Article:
“As a Democratic Party, we are now in a position to lead,” Mrvan said. “We have to have deliverables that the majority of the nation finds important. And we are in a national crisis, so that should be what’s leading us.”
Mrvan didn’t run on progressive ideas – such as the Green New Deal, “Medicare-for-all” or defunding the police. And he thinks today’s Democratic Party still has the best interests at heart for Americans in the heartland.
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“To me, the Democratic Party hasn’t lost its soul and it hasn’t gone too far left,” Mrvan said. “To me, the Democratic Party wants solutions and we have to be able to provide them.”
While teachers and manufacturing union leaders had endorsed President-elect Joe Biden in the 2020 election, Trump garnered plenty of support among rank-and-file union members. He appealed to them with the negotiation of the United States-Mexico-Canada Agreement that replaced NAFTA, which was approved during the Clinton administration, and his pursuit of an “America First” message that chides free traders on both sides of the aisle.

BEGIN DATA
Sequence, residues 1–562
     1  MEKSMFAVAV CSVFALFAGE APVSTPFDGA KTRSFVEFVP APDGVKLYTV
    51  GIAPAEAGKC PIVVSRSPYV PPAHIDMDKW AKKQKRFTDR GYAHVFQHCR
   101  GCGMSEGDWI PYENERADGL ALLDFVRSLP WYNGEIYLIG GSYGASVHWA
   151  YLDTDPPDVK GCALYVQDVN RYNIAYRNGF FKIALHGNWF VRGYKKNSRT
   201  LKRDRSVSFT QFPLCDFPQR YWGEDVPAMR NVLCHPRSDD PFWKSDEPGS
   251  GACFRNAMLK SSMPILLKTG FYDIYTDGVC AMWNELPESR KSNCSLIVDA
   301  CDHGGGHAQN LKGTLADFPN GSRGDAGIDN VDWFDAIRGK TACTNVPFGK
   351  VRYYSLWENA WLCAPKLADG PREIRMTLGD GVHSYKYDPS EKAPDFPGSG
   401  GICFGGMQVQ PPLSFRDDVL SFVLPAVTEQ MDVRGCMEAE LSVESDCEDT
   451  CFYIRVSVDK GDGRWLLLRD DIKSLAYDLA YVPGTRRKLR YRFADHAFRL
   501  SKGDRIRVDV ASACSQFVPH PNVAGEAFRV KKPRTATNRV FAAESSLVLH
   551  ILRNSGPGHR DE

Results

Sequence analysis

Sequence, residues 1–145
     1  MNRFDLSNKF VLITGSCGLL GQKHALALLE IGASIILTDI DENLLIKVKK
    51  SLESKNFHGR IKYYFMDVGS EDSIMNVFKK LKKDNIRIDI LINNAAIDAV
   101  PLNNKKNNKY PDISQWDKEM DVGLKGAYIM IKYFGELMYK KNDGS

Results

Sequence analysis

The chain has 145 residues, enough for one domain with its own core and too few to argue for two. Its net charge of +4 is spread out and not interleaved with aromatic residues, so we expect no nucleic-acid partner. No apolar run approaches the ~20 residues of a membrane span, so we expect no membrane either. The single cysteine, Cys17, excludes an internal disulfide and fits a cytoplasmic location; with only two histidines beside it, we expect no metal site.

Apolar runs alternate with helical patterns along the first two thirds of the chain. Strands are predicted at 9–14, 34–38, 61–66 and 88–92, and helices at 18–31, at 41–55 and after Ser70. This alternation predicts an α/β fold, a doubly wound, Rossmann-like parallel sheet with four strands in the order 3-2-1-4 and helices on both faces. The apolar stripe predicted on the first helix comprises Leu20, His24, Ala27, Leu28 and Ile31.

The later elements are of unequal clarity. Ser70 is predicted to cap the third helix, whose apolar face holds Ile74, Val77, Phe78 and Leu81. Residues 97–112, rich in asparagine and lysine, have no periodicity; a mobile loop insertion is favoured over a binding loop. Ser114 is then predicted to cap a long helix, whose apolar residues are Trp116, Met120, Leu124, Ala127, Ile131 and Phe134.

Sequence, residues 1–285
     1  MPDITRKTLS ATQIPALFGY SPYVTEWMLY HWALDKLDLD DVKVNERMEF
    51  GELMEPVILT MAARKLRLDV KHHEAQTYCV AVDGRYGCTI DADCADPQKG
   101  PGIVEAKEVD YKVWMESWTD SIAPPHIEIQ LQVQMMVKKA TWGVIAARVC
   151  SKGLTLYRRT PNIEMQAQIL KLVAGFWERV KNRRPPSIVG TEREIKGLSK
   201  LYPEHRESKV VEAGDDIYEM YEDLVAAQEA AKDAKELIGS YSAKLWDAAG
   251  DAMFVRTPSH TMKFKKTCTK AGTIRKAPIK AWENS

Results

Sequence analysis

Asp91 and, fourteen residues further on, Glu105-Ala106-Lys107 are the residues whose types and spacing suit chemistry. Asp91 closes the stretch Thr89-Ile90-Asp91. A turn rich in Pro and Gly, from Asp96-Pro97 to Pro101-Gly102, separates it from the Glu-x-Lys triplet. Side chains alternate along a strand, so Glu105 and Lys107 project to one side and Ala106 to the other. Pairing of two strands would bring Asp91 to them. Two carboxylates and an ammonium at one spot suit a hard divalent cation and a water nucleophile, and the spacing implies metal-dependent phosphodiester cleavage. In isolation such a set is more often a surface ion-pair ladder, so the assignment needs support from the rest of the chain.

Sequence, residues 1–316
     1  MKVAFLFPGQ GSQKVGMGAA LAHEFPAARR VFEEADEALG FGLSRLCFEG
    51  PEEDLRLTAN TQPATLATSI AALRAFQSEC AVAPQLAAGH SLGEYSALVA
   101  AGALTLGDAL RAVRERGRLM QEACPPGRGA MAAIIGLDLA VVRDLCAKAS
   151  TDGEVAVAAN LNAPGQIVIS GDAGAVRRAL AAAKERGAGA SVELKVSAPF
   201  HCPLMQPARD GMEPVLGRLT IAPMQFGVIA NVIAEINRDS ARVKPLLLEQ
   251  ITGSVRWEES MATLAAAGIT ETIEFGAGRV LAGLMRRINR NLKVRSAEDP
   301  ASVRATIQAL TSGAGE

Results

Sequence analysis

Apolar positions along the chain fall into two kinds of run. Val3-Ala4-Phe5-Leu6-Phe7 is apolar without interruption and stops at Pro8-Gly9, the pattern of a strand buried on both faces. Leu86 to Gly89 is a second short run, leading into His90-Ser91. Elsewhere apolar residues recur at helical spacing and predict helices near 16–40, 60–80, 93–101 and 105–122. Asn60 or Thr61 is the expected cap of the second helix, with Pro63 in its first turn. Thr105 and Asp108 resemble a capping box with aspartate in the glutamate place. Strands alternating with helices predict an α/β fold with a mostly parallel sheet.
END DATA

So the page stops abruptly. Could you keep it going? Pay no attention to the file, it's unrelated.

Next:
Mrvan wants fair trade deals that protect the U.S. steel industry said the USMCA deal was a “starting point.”
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Mrvan, a husband and father of two daughters, grew up in the public spotlight. His father, also Frank Mrvan, has worked in Indiana Democratic politics for more than 40 years. At age 87, he’s still serving as a state senator.
Mrvan is accustomed to holidays spent at parades and weekends at community events. Growing up the son of a public figure exposed him to diverse pockets of Indiana and he is comfortable with building relationships.